Additional Tools for Employers to Encourage Retirement Savings

Matching Contributions on Student Debt Payments

One of the most eagerly anticipated provisions of the “SECURE 2.0” legislation is the ability for employers to “match” within a defined contribution savings plan employees’ payments of student debt.   This provision is just one of the many changes in SECURE 2.0 aimed at enhancing and encouraging retirement savings opportunities for Americans.

In 2018, the IRS issued a Private Letter Ruling (PLR) to Abbott Laboratories approving a proposed amendment to its 401(k) plan to allow a matching contribution based on student debt repayments rather than employee deferrals to the plan.  While binding only on the employer receiving it, the favorable ruling piqued interest in other employers looking for ways to recruit, retain and encourage retirement savings for an employee population that may not have otherwise deferred to the plan due to student debt obligations.  Over the past few years, that interest has grown for many employers looking at creative benefits solutions, but a clear, compliant, and universally available path forward was lacking until now.

Under the new provisions of Internal Revenue Code Section 401(m)(4), any match must be based on student debt repayments for higher education expenses.  Eligibility, match rate, and vesting also must be the same as that for the match on elective deferrals.  The employee must annually certify that the loan payments have been made.  Employers may rely on this self-certification. 

From an administrative perspective, it is significant to note that the statute anticipates possible issues for nondiscrimination testing of elective contributions.  A plan can test separately those employees who receive matching contributions on student loan repayments from those who receive matching contributions on elective deferrals.  The amount of loan repayments made by the employee count towards the annual limit on elective deferrals under Code Section 402(g) but not as a contribution for the limit on annual additions under Code Section 415(c).  These provisions of the Act have laid the framework to make the inclusion of such a provision less administratively burdensome.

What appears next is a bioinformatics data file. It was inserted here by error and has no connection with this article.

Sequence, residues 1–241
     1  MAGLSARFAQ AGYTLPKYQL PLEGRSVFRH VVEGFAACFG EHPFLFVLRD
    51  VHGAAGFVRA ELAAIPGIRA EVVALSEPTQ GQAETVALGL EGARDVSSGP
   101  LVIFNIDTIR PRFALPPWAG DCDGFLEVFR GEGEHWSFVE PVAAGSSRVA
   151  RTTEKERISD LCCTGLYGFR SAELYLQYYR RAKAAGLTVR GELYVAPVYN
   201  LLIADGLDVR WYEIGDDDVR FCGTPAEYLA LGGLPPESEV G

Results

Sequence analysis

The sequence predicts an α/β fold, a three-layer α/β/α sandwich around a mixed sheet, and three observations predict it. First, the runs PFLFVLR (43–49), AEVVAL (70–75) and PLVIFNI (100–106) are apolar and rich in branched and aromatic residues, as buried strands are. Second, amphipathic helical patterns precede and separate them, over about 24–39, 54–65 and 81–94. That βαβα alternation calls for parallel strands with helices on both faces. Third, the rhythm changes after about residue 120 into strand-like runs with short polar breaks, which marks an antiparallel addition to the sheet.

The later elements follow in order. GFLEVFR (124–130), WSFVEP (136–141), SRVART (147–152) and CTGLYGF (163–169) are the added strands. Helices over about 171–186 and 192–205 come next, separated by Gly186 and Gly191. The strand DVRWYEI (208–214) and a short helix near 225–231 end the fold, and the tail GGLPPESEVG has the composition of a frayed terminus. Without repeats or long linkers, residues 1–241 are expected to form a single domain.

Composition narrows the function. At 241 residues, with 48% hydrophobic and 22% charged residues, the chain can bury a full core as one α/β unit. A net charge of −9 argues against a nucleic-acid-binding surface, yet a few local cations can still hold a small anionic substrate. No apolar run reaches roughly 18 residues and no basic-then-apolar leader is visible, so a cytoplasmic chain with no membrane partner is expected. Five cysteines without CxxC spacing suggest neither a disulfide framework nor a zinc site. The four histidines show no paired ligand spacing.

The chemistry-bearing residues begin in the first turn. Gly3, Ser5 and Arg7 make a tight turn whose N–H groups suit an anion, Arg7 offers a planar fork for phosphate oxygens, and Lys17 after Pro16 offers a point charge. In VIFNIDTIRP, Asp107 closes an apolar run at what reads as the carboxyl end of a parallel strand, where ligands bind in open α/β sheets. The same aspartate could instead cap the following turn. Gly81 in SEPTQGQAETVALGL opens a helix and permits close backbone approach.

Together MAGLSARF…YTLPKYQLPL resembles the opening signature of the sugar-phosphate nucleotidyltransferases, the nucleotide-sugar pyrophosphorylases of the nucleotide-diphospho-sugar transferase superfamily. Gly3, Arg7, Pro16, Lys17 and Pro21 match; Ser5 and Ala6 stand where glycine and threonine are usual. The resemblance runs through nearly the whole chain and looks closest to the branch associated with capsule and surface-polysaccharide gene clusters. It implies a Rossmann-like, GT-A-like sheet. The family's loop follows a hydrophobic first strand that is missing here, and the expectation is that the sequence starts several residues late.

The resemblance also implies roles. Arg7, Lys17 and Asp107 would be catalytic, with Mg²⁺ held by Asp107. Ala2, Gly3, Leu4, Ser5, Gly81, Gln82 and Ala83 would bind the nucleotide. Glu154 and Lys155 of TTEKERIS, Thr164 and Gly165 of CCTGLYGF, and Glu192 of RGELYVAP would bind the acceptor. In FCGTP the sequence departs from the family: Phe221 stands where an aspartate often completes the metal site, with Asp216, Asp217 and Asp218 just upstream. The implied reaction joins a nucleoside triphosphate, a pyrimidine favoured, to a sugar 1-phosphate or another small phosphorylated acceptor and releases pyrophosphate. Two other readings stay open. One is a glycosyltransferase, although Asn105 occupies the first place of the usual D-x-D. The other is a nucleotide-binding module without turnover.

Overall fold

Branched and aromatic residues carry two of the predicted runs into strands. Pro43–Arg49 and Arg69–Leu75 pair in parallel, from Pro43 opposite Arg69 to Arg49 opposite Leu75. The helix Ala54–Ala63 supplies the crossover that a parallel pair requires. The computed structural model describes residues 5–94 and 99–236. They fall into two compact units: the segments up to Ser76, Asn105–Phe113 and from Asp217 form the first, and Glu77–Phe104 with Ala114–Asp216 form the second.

This is an optional provision that plan sponsors can implement in 401(k), 403(b), Governmental 457(b), and SIMPLE IRA plans for plan years beginning on and after January 1, 2024.  The IRS will issue implementing regulations and a model plan amendment for those plans wishing to adopt.

But Wait, There’s More!  Financial Incentives

In the same spirit of encouraging participation in defined contribution savings plans, SECURE 2.0 also allows employers to provide limited financial incentives to encourage participation in a 401(k) or 403(b) plan.  These incentives must be “de minimis,” although the statute does not define the threshold.  This likely means modest-value gift cards and other small incentives to encourage employees to participate, but notably, incentives may not be paid for with plan assets.  This tool is also optional and effective immediately, with no amendment to the plan required.

If you have any questions about these new plan design opportunities or SECURE 2.0 generally, please contact a Jackson Lewis employee benefits team member or the Jackson Lewis attorney with whom you regularly work.